Markets edge down on trade war jitters

Permanent TSB worst hit of financials on Irish market

Stock markets edged downwards on Friday after US president Donald Trump's threat to impose an extra $100 billion in tariffs on China exacerbated fears of a more serious trade dispute, while the dollar paused ahead of crucial US payrolls data.

European shares followed their Asian counterparts into the red but the falls were limited, and the broader ups and downs for markets this week suggest investors are not yet convinced the row will escalate into a full-blown trade war that threatens global economic growth.

European and US government bond yields fell and prices rose as investors sought the safety of government debt, but the moves were moderate. In stock markets, Britain’s FTSE 100 dropped 0.3 per cent while the German Dax was down 0.6 per cent and France’s CAC 40 0.4 per cent.


The Iseq closed down 40 points at 6,632, roughly in line with other European bourses. Financial stocks suffered most. Permanent TSB was down 3.5 per cent at €1.92. One trader said the stock had fared better than rivals in recent weeks but nagging doubts about its stock of non-performing loans persisted. Rival Bank of Ireland, meanwhile, was down by 1.7 per cent at €7.15.

Irish engineering group Mincon closed up 1.6 per cent at €1.25 after positive signals about future growth from the group's chairman.

Independent News & Media (INM) was down a further 2.5 per cent at 9 cent as the data breach controversy rumbles on.

Packaging giant Smurfit Kappa, which is resisting a takeover by US rival International Paper, finished up 0.3 per cent at €35.08.

Ryanair traded marginally down at €16.40 in the wake of less than spectacular figures from rival EasyJet in the UK. Building materials group CRH was down nearly 1 per cent at €27.60 amid warnings from shareholder advisory group ISS over executive pay.


Trade war jitters sent the FTSE 100 down 0.2 per cent or 15.86 points to 7,183.64 points. Royal Mail Group shares rose 4p to 556.6p despite being fined £12,000 for sending more than 300,000 nuisance emails. AO World shares surged 15p to 129.8p as the online retail said full-year revenues would come in 14 per cent higher at £796 million, slightly above the mid-point of market expectations despite a tough market and fewer promotions.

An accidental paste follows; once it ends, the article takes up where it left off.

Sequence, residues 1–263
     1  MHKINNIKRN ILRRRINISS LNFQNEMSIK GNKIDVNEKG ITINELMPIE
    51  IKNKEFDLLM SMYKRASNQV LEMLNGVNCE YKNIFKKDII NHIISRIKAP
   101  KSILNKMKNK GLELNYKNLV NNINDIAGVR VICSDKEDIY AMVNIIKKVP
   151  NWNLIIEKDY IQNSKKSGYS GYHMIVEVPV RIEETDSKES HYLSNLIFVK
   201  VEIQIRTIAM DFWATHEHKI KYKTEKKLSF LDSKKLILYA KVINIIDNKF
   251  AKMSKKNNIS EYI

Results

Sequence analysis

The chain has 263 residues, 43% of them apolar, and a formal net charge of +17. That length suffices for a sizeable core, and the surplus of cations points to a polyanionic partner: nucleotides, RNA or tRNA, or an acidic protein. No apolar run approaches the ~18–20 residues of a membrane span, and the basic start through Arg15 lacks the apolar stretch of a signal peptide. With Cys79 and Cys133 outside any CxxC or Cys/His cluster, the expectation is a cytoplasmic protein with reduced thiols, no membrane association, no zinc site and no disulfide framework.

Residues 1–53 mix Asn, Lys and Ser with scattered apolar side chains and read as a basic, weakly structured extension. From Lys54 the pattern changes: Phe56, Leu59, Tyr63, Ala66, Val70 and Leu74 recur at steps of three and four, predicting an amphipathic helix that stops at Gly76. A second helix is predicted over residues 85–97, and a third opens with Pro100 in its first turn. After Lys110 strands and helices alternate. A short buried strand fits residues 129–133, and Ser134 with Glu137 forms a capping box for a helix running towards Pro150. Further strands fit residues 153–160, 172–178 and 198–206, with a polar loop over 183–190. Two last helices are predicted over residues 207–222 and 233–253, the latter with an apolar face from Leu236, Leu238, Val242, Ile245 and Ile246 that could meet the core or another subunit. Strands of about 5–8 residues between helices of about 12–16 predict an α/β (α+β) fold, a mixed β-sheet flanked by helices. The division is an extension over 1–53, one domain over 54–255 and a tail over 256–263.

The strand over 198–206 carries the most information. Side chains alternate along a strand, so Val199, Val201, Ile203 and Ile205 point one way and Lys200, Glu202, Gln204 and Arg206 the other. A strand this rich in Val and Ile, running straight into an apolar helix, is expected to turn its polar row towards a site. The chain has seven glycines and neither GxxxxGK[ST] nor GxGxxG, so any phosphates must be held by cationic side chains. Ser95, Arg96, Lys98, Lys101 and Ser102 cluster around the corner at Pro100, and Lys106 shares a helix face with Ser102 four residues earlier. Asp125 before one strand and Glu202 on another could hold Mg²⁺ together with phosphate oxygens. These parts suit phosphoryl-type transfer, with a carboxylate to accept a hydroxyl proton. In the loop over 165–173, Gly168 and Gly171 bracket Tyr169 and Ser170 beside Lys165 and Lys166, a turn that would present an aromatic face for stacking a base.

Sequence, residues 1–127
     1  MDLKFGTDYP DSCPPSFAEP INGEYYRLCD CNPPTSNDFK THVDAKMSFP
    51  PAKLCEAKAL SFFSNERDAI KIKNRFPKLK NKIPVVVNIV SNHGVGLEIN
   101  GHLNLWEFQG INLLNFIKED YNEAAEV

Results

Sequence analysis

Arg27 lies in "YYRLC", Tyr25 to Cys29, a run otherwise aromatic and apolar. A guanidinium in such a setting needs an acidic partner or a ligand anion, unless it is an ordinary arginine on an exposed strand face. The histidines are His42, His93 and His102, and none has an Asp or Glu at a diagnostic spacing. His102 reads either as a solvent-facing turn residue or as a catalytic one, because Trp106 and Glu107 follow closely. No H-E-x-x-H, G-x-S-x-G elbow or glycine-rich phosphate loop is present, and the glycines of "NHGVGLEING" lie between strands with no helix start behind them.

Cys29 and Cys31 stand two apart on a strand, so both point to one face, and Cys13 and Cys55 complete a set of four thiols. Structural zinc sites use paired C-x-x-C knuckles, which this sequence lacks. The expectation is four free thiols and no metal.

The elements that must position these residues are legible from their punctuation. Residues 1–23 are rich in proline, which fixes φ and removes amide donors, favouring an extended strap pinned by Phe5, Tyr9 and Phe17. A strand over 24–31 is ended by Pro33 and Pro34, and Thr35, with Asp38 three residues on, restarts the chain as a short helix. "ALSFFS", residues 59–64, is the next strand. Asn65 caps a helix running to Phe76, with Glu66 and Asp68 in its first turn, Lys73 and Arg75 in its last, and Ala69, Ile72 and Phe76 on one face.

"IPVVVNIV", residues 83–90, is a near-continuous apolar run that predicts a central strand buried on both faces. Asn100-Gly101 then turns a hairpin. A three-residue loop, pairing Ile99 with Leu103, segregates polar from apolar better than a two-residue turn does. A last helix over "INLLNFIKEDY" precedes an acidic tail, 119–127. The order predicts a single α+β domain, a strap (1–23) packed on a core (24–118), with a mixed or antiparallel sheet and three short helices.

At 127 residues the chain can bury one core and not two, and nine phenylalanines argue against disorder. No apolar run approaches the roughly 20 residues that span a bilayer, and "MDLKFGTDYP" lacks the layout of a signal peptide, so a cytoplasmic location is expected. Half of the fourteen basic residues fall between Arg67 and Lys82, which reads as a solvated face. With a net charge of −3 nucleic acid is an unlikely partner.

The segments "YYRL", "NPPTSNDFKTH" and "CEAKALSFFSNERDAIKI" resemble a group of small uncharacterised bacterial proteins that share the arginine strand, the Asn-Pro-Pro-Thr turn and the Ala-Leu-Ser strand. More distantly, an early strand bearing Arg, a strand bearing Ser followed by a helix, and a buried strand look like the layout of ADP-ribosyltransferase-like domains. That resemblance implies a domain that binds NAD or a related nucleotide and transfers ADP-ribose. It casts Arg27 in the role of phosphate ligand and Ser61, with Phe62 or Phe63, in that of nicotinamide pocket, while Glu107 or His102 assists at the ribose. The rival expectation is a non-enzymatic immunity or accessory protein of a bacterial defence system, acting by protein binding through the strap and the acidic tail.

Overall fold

The biggest risers on the FTSE 100 were Micro Focus International up 34.5p at 1,128.5p, United Utilities Group up 16.4p at 724.8p, WPP up 24p at 1,162.5p, and DCC up 125p at 6,645p. The biggest fallers on the FTSE 100 were Rio Tinto down 85.5p at 3,560p, Glencore down 7.6p at 351.15p, Marks & Spencer Group down 5p at 269p, and Burberry Group down 28p at 1,676.5p.


The pan-European Stoxx 600 sank 0.4 per cent. Europe's car stocks led the losses on Friday, down almost 1.7 per cent amid heightened trade tensions. Schaeffler and Hella were among the worst sectoral performers, down 1.33 and 1.57 percent respectively.

Telecom Italia surged to the top of the European benchmark following report that the Italian state lender CDP intends to buy a stake of up to 5 per cent in the firm. Shares of Telecom Italia shot up by almost 7 per cent.


US stocks tumbled on Friday on fears of an escalating trade war between the United States and China after President Donald Trump threatened to slap $100 billion more in tariffs and Beijing warned it would fight back "at any cost"." In light of China's "unfair retaliation" against earlier US trade actions, Mr Trump upped the ante by ordering US officials to identify extra tariffs, escalating a high stakes tit-for-tat confrontation. China commerce ministry spokesman Gao Feng said the two countries had not recently held any negotiations, which are impossible under current conditions.

Boeing, the single largest US exporter to China, fell 2.5 per cent. Caterpillar declined 1.3 per cent and Deere dropped about 2 per cent. Chipmakers, which as a group rely on China for about a quarter of their revenue, also declined. The Philadelphia semiconductor index fell 0.54 per cent.

Tesla shares plunged 22 per cent in March and closed at $252.48 on April 2nd, the lowest in more than a year. They climbed 21 per cent on Thursday, after the company stood by its next Model 3 production target and said an equity or debt raise would not be required this year. The stock traded down 1 per cent $302.24 in New York on Friday.

Non-farm payrolls increased by 103,000 last month, the US Labor Department said, the fewest in six months and lower than economists' forecast of 193,000 jobs. – Additional reporting by Reuters and Bloomberg

Eoin Burke-Kennedy

Eoin Burke-Kennedy

Eoin Burke-Kennedy is Economics Correspondent of The Irish Times